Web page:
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Sermon November 9 2014

Wednesday, November 19th, 2014

St. Paul’s – Brookings
Fr. Larry Ort

Last week we contrasted the reality of the life of the saints as portrayed by the beatitudes with Jesus’ condemnation of the scribes and Pharisees. After this act of condemnation, Jesus leaves the temple and soon thereafter meets privately with his disciples on the Mount of Olives. Jesus begins to discourse on the end of the age.  He tells the disciples, “About that day and hour, no one knows, neither the angels of heaven, nor the Son, but only the Father” (Mat. 24.36; NRSV)…“Keep awake therefore, for you do not know on what day your Lord is coming” (Mat. 24.42; NRSV). Jesus then tells five parables. The first parable observes that had the owner of the house known when the thief was coming, he would have been prepared. The second parable contrasts a faithful and wise servant with a wicked servant; the master will return unexpectedly and catch the wicked servant. The third is the parable of the ten bridesmaids (which we just read). The fourth is the parable of the talents (which we will read next Sunday). And the fifth, is the parable of the sheep and the goats (which we will read two weeks from now). And that brings us to the last Sunday of November – the beginning of advent.

These parables, and today’s lectionary readings, deal with watchfulness and preparation. And what is Advent? A season of watching and waiting as we prepare to celebrate the First Advent. Hence, we now enter an extended Advent season. Some theologians and church leaders are actually advocating the extension of Advent into a seven week season of the Church calendar.

If we are to be prepared for the coming of the end of the age, we must make the right choices — preparation involves choice; one must choose activities of preparation over other routine activities. Our reading from Joshua makes this amply clear. The tribes of Israel have entered the Promised Land and subdued parts of it; they are now gathered at Shechem and presented before the Lord for a renewal of the covenant. Joshua encourages the people to forsake the gods of their ancestors and to serve the Lord. If unwilling to serve the Lord, they must choose whether they will serve the gods of their ancestors or the gods of the Amorites in whose land they are presently living. Then Joshua boldly declares, “But as for me and my household, we will serve the Lord” (Jos. 24.15b; NRSV). Choices. Preparation. Are we willing to put away those things in our life which we put in God’s rightful place?  Are we willing to serve our Lord Jesus Christ?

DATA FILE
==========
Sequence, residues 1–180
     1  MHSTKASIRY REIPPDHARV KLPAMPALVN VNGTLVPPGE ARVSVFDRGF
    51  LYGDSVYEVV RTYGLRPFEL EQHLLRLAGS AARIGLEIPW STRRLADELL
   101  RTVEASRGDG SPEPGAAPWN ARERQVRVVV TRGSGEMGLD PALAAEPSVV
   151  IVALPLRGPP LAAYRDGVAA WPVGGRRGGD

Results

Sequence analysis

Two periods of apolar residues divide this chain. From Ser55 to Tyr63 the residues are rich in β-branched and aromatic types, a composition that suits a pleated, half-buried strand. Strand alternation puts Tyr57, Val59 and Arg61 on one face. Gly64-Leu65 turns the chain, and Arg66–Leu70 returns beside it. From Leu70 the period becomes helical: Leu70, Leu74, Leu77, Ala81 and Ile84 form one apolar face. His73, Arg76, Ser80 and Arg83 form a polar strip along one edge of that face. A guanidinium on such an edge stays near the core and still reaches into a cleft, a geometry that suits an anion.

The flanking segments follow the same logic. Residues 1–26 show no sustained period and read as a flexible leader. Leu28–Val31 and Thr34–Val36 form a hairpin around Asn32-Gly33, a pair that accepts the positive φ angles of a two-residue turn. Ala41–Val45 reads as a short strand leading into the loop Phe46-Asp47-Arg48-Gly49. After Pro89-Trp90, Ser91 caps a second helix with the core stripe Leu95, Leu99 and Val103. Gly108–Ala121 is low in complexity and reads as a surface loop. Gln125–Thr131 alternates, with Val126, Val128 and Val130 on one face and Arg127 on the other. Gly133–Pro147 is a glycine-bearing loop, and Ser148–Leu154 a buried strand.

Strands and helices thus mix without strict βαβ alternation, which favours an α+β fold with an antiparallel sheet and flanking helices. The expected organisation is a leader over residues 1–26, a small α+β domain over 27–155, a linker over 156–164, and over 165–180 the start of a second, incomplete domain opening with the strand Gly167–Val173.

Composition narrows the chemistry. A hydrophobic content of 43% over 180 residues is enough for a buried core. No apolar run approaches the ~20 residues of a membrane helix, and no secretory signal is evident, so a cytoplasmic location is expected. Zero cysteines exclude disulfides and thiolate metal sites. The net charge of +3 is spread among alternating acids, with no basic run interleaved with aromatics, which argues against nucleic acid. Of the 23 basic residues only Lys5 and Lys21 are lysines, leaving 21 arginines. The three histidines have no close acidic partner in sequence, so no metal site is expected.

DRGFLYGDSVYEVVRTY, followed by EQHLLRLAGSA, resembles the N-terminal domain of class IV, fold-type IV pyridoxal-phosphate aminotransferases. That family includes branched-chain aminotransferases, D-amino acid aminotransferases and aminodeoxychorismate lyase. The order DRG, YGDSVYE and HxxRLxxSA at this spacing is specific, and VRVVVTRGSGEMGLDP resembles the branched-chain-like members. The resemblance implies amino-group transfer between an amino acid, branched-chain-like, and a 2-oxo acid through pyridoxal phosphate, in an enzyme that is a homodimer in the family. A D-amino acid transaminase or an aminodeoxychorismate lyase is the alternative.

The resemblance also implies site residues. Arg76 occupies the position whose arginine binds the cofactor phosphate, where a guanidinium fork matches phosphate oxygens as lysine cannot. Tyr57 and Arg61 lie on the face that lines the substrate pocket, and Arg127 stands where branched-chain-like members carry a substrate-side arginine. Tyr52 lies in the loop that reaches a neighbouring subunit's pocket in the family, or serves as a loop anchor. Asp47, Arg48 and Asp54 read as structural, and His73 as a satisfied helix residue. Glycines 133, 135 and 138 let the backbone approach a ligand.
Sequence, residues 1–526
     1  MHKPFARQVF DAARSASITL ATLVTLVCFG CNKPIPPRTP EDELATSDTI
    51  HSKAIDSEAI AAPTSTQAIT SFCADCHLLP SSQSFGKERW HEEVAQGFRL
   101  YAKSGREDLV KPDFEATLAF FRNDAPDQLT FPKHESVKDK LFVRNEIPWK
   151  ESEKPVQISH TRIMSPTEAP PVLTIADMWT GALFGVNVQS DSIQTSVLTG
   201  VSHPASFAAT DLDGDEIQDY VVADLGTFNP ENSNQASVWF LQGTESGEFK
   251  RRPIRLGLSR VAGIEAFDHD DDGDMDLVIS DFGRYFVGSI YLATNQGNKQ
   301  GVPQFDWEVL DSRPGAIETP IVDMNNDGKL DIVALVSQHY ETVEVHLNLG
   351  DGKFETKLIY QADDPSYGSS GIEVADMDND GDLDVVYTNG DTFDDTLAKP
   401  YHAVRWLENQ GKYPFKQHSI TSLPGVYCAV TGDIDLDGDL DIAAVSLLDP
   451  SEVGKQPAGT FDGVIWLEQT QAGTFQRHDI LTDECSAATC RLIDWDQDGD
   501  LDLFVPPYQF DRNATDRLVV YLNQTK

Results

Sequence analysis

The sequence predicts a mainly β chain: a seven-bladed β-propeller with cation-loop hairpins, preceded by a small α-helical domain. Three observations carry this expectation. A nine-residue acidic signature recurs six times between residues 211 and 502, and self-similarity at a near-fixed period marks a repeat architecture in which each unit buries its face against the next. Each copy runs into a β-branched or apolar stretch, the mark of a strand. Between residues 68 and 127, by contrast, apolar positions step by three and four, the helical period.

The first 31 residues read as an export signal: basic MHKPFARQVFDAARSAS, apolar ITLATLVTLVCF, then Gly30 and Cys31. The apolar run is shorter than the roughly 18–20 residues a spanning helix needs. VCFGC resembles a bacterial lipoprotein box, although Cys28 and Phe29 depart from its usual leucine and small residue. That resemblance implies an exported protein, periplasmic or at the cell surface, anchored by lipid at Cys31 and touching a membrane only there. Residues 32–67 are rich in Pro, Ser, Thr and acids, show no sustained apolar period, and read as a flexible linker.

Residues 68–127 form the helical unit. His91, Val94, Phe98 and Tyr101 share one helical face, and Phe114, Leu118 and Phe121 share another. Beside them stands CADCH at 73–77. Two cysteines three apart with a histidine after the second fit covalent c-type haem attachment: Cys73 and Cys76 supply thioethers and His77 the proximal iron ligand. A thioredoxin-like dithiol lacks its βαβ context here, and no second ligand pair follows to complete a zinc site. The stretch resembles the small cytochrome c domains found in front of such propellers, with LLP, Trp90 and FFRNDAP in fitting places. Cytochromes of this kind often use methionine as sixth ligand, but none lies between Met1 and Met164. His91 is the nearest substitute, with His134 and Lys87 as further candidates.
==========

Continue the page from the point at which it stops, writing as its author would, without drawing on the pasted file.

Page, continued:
If we are to choose wisely, we must be fully informed of the alternatives. Thus in the gradual we read how the Israelites were to recite “the glorious deeds of the Lord … the wonders that he has done … that the next generation may know them” (Psa. 78.4; NRSV). They were to teach these things to their children (Psa. 78.5) so they could choose wisely.

In Deuteronomy 31, Joshua is named as Moses’ successor. Moses writes down the law, gives it to the priests, and commands that it be read every seventh year (Deu. 31.10). The Mosaic covenant is patterned on ancient suzerainty covenants, covenants between a conquering king and a subject people. Such covenants included stipulations for the public reading of the terms of the covenant. Moses commanded:

Assemble the people—men, women, and children, as well as the aliens residing in your towns—so that they may hear and learn to fear the Lord your God and to observe diligently all the words of this law, and so that their children, who have not known it, may hear and learn to fear the Lord your God, as long as you live in the land that you are crossing over the Jordan to possess (Deu. 31.12-13; NRSV).

As you may recall, the Rite I celebration of the Eucharist often includes the reading of the Decalogue, the Ten Commandments, part of the Mosaic Covenant given at Mount Sinai. And what do we do in Sunday School or Church School – we recite the wonderful deeds of the Lord to our children such that they may know the Lord and choose wisely.

In 1 Thessalonians, Paul is addressing the concerns of the community. The early church fully expected that Jesus’ return was imminent, for Jesus had said this generation would not pass away till all the things associated with the end of the age be fulfilled (Mat. 24.34).  So what about those who had died since Jesus’ ascension? Paul is assuring the church that, through Jesus, the dead will be resurrected unto new life. At the sound of the trumpet, Christ shall descend from heaven and the dead in Christ will be raised first. After that, we who are alive will be caught up in the clouds, and together with those who have been raised first, we will meet Christ in the air. And we shall remain with the Lord forever. We are to encourage one another with these words and we are to be prepared for this event, for we know not the hour or the day of Christ’s return or of our death.